US moves one step closer to imposing fresh Russia sanctions

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The US House of Representatives has voted to impose fresh sanctions on Russia, despite President Donald Trump objecting to the legislation.

Senior officials will be targeted in retaliation for alleged Russian interference in the US 2016 election.

The bill is likely to complicate President Trump’s hopes of improving relations with Russia.

It needs to be passed through the Senate before it can be sent on to the president to be signed.

The White House says it is reviewing the bill, and it is unclear whether the president will veto it.

“While the president supports tough sanctions on North Korea, Iran and Russia, the White House is reviewing the House legislation and awaits a final legislative package for the president’s desk,” White House spokeswoman Sarah Sanders said in a statement.

Russia’s relationship with the president has dogged his first six months in office, amid allegations Moscow interfered to help Mr Trump get elected.

 Media captionTrump-Russia probe – diced and sliced

Mr Trump has also piled pressure on his attorney general over the Russia inquiry. He has publicly labelled Jeff Sessions “weak” and said he was “disappointed” in Mr Sessions’ decision to recuse himself from the investigation.

The House voted overwhelmingly to back the measures, which will also see fresh sanctions against North Korea and Iran over ballistic missile tests.

The bill, which passed by 419 to three, was described by House Speaker Paul Ryan as a sanctions package that “tightens the screws on our most dangerous adversaries in order to keep Americans safe”.

The planned sanctions on Russia were drawn up in part to further punish its annexation of Crimea in 2014. They will place new restrictions on oil and gas projects, affecting the Nord Stream 2 pipeline from Russia to Germany.

The US already has a range of sanctions in place against Russian individuals and companies over Crimea. In December, following claims of election hacking, then-President Barack Obama expelled 35 diplomats and closed two Russian compounds in the US.


Lawmakers wary of Trump’s pro-Moscow stance

By Barbara Plett, BBC state department correspondent

The legislation codifies sanctions imposed by Barack Obama over Russia’s Ukraine interventions, which would make lifting them more difficult.

It also expands restrictions on doing business with Russian companies, in particular on energy development. That has the Europeans very worried they’ll be penalised for supporting Russian pipeline projects.

But what concerns the White House is a measure that limits the president’s traditional right to waive the sanctions: he would be forced to consult congress first. That and the broad bipartisan support for the legislation shows just how wary lawmakers are about Mr Trump’s pro-Moscow approach.

The Senate had overwhelmingly passed an earlier version of the bill: the differences between the two have to be worked out before Mr Trump decides how to respond.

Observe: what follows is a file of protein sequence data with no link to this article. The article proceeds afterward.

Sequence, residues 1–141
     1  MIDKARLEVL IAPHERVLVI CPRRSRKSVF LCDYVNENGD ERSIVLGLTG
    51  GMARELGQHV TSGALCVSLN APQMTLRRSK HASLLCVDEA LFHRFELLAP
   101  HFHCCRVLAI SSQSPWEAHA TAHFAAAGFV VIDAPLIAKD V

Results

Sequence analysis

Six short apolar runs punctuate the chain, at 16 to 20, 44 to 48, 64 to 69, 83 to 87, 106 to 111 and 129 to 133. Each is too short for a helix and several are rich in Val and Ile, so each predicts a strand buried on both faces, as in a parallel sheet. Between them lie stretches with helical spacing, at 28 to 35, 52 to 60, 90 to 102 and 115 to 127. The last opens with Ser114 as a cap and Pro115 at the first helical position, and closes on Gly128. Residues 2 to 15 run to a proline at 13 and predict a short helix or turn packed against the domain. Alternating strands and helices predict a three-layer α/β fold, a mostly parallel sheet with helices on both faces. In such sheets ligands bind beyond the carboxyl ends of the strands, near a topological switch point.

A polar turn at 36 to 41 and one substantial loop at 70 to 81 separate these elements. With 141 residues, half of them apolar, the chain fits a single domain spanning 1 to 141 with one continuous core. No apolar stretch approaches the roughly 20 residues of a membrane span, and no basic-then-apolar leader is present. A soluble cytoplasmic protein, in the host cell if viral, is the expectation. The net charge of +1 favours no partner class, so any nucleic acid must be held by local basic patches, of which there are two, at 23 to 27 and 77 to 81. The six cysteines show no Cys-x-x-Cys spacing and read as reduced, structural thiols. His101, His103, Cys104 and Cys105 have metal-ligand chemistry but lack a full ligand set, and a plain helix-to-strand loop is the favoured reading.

The White House has suggested the president may support the bill after some changes to the original draft, but he would have little room to manoeuvre anyway because Congress almost certainly has enough votes to override a veto.


What happens next?

This version of the legislation still needs to be approved by the Senate, but it is not yet clear when it will consider the bill.

But if it passes through the Senate mostly intact, the bill would provide a headache for President Trump, who has signalled a more conciliatory approach towards Moscow.

If the two chambers pass similar but slightly different bills, a committee will draw up a compromise version for approval.

Once both House and Senate have approved a bill, it goes to the president to be signed into law.

What are Trump’s options?

The president could veto the bill, but in doing so would fuel suspicion that he is too supportive of the Kremlin, correspondents say.

The bill has widespread support from both major parties in both Houses – making a veto a potentially unpopular political move.

Additionally, a presidential veto can be ignored if two thirds of both the House and Senate vote to override the president.

White House spokeswoman Sarah Huckabee Sanders said President Trump is “going to study that legislation and see what the final product looks like.”

How has Russia reacted?

Prior to the vote, Russian Deputy Foreign Minister Sergei Ryabkov said such measures would plant a “dangerous mine” under the foundation of ties.

Mr Ryabkov said: “All this is very worrying. We can see no signs that that Russophobe hysteria that has engulfed the entire US Congress is dying down.”

After its passage, Russian MP Leonid Slutsky, who chairs the lower house’s International Affairs Committee, said the sanctions “undermine the prospects for the restoration of Russian-American relations and further complicate them for the foreseeable future”.

“Opportunities for diplomatic manoeuvring” are now “extremely” small, he told Russia’s Interfax news agency.

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